Though slightly dramatic as far as extended metaphors go, sometimes I feel like that 2nd-stage hypothermic wanderer. Only instead of my body wanting to shut down and rest, it’s my mind and personality.

I’ve been thinking about this lately, especially during instances when the following monologue runs through my head: “Okay, so should I ‘play feminist’ and say something here, or just let it go? Do I want to ruin the fun? Will it even make a difference? Is it really that big of a deal? Oh who cares, whatever!”

Basically, I’ve found, ignorance is bliss. Apathy is peace. Indifference is tranquility, and obliviousness is happiness.

Sleeping, not thinking, would mean being able to appreciate the humour in a joke instead of being annoyed by its premise; able to be chill/cool/relaxed/generic instead of worked up and politicized; able to play along/get along/sing along without feeling like an ever-so-slightly hypocritical sell-out. Sleeping (or is it dreaming?) would mean being able to laugh at everything my friends find funny, and like/respect my capoeira teachers without doubts, and watch a certain new Pixar film without feeling the need to roll my eyes at every gender stereotype along the way, and just enjoy the cuteness.

When you’re asleep, you don’t feel angry, indignant, incensed, or infuriated. When you don’t think or don’t care, you’re not bothered by injustice; you can read the news with cool, desensitized nonchalance; and the full weight of a systemic, worldwide, fundamental, political, religious, societal, deep-rooted undermining, suppressing, assault, and attack on you and/or yours in all his slightest and heaviest forms leaves you well undisturbed.

But at the same time, lest we forget…sleep is death. And that storm will still come to bear down on you, in some way or form, no matter how much you ignore or disregard it.

I once read a quote that began, “Finding feminism is like discovering the Matrix”*—and it is spot on. Who do you think leads happier lives in the movie, those inside the Matrix or those outside of it? But who, after knowing, goes back? Who would purposely commit mental and intellectual, and possibly ethical, suicide?

So yes, sleep would be nice. And, as I said, easy.  (Because what’s easier than default?)  But ignorance and apathy are two things I hate/fear probably just as much as, if not more than, misogyny and other types of discrimination. So, let’s just say…it’s a good thing I’m used to all-nighters.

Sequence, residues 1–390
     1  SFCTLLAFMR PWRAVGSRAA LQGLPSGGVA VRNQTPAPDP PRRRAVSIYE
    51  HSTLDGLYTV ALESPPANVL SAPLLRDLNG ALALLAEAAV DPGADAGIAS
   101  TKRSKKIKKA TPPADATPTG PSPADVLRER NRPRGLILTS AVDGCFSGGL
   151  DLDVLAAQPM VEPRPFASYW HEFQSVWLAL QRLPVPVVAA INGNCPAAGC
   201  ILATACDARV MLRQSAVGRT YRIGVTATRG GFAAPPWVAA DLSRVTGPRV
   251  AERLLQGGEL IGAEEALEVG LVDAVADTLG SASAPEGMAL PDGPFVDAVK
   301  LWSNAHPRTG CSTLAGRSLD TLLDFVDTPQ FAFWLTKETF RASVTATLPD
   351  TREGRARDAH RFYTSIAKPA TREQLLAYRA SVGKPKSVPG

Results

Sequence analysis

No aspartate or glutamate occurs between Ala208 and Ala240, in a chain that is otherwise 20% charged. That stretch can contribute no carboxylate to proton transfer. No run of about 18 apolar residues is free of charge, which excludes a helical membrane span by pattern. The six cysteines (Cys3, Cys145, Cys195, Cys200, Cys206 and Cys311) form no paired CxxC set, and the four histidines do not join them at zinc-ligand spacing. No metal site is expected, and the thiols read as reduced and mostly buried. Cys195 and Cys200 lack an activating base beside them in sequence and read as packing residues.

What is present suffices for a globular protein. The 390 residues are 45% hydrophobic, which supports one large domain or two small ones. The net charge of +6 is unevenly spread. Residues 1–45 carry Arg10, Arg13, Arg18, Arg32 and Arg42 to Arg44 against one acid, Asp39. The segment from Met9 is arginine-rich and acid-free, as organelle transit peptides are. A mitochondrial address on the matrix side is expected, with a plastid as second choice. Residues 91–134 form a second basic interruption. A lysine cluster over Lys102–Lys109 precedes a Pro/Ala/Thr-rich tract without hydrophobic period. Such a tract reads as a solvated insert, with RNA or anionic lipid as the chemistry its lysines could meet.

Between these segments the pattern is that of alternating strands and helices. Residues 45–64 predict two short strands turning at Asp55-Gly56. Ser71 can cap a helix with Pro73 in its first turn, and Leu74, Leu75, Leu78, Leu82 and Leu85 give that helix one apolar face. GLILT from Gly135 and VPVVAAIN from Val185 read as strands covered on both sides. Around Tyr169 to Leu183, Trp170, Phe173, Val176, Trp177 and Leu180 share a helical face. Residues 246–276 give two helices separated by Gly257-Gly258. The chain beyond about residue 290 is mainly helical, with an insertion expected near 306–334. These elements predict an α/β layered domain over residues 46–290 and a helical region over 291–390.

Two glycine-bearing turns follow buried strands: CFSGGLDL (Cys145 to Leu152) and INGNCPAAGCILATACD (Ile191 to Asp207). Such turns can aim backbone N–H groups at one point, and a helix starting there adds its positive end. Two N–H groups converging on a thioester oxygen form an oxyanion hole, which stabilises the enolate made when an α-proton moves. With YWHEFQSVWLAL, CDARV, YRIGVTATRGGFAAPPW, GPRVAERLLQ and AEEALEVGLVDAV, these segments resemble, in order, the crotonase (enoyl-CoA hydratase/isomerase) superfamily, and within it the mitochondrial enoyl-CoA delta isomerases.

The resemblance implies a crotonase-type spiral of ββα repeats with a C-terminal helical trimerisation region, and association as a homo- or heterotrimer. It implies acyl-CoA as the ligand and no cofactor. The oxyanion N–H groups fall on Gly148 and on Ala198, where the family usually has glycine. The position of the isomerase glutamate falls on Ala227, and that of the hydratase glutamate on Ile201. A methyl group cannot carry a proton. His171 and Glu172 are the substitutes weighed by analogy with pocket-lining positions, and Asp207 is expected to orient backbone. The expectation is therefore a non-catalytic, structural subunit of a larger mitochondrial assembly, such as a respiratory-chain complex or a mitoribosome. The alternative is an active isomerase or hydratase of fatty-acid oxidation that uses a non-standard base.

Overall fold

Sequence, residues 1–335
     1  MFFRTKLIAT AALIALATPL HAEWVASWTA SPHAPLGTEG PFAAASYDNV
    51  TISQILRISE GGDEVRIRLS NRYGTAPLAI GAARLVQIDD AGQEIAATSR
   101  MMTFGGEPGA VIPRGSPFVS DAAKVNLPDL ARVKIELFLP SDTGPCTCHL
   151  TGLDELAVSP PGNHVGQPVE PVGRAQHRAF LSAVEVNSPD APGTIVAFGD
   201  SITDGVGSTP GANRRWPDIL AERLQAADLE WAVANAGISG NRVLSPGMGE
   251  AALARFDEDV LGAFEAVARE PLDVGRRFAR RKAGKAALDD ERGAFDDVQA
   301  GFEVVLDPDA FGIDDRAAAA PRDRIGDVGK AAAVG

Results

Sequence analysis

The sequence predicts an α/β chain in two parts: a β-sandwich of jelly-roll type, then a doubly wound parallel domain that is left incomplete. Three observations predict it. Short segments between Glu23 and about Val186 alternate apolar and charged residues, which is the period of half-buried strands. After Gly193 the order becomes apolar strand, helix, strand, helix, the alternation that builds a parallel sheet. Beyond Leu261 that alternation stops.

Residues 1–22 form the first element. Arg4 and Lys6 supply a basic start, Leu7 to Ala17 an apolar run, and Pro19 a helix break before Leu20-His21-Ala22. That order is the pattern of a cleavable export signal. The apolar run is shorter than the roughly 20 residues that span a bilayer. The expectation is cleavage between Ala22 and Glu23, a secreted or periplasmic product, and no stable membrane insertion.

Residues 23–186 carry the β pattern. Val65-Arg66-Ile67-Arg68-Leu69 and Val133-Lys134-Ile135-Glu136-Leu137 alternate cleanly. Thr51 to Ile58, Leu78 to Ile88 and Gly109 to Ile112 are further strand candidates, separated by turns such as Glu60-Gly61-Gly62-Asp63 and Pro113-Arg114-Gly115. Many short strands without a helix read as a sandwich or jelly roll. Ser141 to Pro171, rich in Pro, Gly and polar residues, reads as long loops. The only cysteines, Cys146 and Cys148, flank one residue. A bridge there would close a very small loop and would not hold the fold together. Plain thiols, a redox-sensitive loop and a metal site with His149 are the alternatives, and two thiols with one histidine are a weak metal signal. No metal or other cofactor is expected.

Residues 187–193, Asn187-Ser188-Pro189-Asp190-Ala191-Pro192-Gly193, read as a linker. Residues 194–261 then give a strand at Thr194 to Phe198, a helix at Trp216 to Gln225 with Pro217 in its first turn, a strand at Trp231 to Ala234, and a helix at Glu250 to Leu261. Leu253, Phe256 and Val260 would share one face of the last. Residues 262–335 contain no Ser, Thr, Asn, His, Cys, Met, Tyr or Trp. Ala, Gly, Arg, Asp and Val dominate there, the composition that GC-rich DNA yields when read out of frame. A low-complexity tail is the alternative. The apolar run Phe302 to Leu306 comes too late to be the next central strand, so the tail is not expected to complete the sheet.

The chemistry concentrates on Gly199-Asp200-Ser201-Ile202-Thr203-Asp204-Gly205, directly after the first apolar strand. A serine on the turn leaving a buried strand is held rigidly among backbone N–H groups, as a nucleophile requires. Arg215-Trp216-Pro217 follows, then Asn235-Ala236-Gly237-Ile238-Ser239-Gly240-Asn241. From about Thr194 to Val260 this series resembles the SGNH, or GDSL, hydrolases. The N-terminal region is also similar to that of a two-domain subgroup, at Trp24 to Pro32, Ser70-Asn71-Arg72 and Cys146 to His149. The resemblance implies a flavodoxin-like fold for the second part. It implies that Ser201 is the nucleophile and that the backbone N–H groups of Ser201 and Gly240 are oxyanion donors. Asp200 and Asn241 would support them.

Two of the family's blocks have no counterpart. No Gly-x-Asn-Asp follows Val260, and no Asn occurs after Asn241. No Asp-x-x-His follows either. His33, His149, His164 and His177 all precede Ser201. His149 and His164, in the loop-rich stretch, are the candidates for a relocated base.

*“Finding feminism is like discovering the Matrix. You can’t believe you didn’t notice all this stuff, you can’t believe no one told you how fucked up things are. You feel angry for knowing, angry for having not known. It’s such a harsh transition to make. You don’t just gently start to pick up on misogyny here and there. Once the floodgates are open you are smacked relentlessly with realization after realization. It can be devastating and it can feel like the only way not to drown is to find a really big crew and a really big boat, put your head down—and paddle.” -Julia Gonzalves





“My Capoeira Teacher/Friend/Mestre is Awesome, BUT…”

20 06 2008

social friends, ideological foes?

I have a confession. As a feminist, I don’t always do my “duty”. In fact, when it comes to speaking out against things like sexism, homophobicism (a term I made up about 1 second ago, to differentiate between people who just use seemingly homophobic language and people who are actually, definitively, homophobic), and racism, a lot of times I downright fail as someone who allegedly stands for equality.

Like…if a cool friend makes rape jokes (please note the oxymoron) and I don’t say anything, or laugh. Or…if a great capoeira teacher says something sexist and I don’t say anything, or smile. And especially…if a relative gives mortifyingly old-fashioned sexist—or racist—“life advice” and I smile and nod along politely.

In feminist terminology, there’s an expression that goes, “Not my Nigel“. This term refers to the attitudes of women who don’t believe that sexism or misogyny is systematic in society, or that while other men might be sexist or misogynistic, the men in their own lives never are, or “don’t mean it that way”. I.e., “Not my Nigel! He’d never think/do/say that!”

What do you do, though, when it is “your Nigel”, and you know it? How do you react when those you’ve come to like, admire, or deeply respect turn around and disappoint you—sometimes continually—in these little yet ultimately fundamental ways? How do you reconcile the jarring disjoint between your valuing these people in your life, and your values?

Of course, the most straightforward way to solve this dilemna is to just cut these people out of your life completely. If you have nothing to do with them, then you don’t have to be bothered by what they say or do, right? But obviously, “easier said than done” is a major understatement here, especially when it comes to capoeira. It’s not as if you can just leave a class or quit a capoeira group every time a sexist capoeira teacher comes along, nor should you. At the same time, how do you maintain the same respect for, and thus truly effectively learn from, someone whose values you question?

As for dropping friends, I think a close one of mine summed it up best when she said, to paraphrase, “If I were to stop being friends with every guy friend who was a jerk to a girl, I wouldn’t have any guy friends at all.” Wait! Before the comments section explodes, this is of course not 100% true, and I apologize for the extreme generalization. I would have a few guy friends left, and at the same time I might lose a few girl friends, too. However, I hope the point got across. Your friends are your friends, and if you really value them as such, it’s neither easy nor desirable to break ties with them over a verbal instance of bad judgement or two (…or five…or ten…).

Then there’s always confrontation, but when was the last time someone you knew thought it was a good idea to pipe up and go, “Excuse me, Mestre (/Professor/Instrutor/Contra-mestre), but with all due respect, don’t you think what you just said was a little bit—or very—sexist?” Actually…has that ever been done before? How might they react? Would they listen to students’ concerns and be more considerate in the future (or maybe even, against all odds, rethink their views); completely ignore the criticism; or brazenly (or humbly) plead a claim to cultural immunity?